Google wants to get back into the military business through the Pentagon cloud

The United States Army needs to be at the forefront, and that is why it constantly signs agreements with big technology. One of the last big contracts was JEDI, which finally did not go ahead due to the fact that its tender did not cover its operational needs. Now that the Pentagon will offer a new contract for cloud services, Alphabet (Google matrix) he is interested in returning to the military business.

The ‘big tech’ moved away from this type of agreement in 2018. So thousands of employees signed a letter of protest against management after learning that the company was going to participate in the project Maver, a military program that aimed to perfect attacks with drones using artificial intelligence. There were even workers who left the company. So the company created ethical guidelines for artificial intelligence, prohibiting its use for weaponry or surveillance.

But the contract now is very different. The cloud business is one of the main sectors to exploit for Alphabet. In fact, he hired Thomas kurian, CEO of Google Cloud, with the aim of making the subsidiary a worthy opponent against the big ones in the sector.

‘The New York Times’ reported a week ago that the manager held meetings with the Pentagon to get a part of the contracts of the bankrupt JEDI, which intended to provide online storage services to the US Army. The project had as its main competitors Amazon and Microsoft. Then, it was concluded that the contracts fell short for current needs, so they would formulate the bids in a fragmented way.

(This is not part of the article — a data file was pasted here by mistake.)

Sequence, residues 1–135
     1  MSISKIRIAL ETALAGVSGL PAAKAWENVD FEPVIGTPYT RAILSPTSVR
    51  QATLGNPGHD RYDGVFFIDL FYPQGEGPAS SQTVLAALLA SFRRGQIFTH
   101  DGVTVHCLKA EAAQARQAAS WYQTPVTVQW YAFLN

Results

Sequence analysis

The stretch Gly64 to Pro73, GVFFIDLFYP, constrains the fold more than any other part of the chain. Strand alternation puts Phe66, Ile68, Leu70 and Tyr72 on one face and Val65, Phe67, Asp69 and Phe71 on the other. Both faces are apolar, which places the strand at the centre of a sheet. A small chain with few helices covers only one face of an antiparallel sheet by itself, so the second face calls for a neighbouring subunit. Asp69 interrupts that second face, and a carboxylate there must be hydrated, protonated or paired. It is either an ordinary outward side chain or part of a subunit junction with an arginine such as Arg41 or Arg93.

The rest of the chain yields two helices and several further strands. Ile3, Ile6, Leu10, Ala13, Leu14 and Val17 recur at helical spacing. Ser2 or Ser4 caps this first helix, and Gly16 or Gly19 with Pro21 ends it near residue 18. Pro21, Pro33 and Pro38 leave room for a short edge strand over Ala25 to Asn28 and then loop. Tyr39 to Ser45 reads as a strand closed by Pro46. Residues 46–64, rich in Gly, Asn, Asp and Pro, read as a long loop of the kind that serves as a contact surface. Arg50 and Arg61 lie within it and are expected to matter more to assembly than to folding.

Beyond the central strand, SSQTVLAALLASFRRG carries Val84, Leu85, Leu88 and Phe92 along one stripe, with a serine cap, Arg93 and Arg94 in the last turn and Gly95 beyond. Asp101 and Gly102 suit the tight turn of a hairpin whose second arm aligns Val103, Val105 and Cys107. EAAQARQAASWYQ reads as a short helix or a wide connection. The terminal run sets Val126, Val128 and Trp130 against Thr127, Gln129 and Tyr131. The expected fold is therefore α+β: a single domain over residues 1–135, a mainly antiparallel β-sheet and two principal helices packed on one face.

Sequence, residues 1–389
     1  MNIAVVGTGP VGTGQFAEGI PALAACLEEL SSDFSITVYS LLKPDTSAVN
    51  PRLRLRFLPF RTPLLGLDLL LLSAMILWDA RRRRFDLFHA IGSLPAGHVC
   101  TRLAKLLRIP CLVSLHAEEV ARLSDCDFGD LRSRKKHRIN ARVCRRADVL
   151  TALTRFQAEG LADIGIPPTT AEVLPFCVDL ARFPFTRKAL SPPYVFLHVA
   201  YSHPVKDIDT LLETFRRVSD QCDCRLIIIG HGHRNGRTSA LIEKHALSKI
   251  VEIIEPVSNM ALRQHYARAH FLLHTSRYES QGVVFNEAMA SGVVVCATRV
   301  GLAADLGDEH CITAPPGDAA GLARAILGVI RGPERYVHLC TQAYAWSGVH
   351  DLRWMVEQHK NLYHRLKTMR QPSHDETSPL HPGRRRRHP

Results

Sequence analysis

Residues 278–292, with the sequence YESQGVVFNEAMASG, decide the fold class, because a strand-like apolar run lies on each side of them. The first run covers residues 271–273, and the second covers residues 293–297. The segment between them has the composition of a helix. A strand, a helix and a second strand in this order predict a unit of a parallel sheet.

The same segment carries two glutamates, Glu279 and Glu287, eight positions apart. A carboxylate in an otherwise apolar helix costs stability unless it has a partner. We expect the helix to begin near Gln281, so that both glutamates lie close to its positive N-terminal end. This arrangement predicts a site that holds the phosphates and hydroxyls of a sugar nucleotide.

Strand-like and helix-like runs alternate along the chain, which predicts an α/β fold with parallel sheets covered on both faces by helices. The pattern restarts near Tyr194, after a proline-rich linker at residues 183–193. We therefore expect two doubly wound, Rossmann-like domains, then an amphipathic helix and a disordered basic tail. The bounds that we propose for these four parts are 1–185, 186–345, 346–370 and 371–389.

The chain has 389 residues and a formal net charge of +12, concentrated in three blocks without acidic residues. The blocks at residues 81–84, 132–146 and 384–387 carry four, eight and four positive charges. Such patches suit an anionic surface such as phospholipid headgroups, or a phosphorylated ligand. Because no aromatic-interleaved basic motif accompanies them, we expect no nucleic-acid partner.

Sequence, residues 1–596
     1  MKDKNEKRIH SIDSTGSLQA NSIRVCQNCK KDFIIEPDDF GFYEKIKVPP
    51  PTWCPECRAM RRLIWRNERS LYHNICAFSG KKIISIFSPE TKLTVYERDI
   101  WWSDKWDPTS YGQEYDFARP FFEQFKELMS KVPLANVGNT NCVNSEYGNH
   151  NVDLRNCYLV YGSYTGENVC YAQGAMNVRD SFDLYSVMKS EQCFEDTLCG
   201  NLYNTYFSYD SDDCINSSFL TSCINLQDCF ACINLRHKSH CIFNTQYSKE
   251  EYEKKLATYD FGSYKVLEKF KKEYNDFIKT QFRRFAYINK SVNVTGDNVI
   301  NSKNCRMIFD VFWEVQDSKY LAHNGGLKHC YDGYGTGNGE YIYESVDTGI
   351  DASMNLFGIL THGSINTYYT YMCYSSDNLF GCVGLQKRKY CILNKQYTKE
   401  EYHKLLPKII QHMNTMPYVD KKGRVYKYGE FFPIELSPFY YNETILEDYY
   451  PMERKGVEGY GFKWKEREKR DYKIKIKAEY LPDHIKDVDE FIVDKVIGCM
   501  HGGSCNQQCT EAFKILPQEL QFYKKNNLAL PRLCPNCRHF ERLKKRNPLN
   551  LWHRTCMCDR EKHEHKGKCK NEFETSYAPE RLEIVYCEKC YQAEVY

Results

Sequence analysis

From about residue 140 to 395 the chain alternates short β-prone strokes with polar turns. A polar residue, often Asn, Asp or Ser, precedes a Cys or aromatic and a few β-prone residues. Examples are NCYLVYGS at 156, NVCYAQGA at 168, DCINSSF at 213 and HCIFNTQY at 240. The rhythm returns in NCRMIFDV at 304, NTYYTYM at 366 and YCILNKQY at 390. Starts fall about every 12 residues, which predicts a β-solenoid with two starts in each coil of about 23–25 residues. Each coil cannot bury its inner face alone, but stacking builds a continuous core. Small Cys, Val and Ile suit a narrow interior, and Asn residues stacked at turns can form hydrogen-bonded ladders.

From Google they stated that the company is “Firmly committed to serving our customers of the public sector ”, a statement that also includes the Department of Defense.

The beginning of these negotiations has caused some reaction in Alphabet employees, although less than that of 2018. The company’s Workers’ Union, which brings together 800 employees compared to the 50,000 that make up the total workforce, has been against, according to ‘Bloomberg’.

In fact, they have entered the cloud department more than 14,000 employees since the Maven controversy, so consciousness among workers may have changed.

Despite this, the staff has already raised its voice against other defense-related projects in other countries. It is the case of Nimbus, a tender of the Israeli army, whereby employees wrote an open letter in ‘The Guardian’ to lobby against.

Now we have to wait if ‘Joint Warfighting Cloud Capability’, the Pentagon’s cloud services program, is either an opportunity for Alphabet or a point of conflict again due to its ethical commitments.

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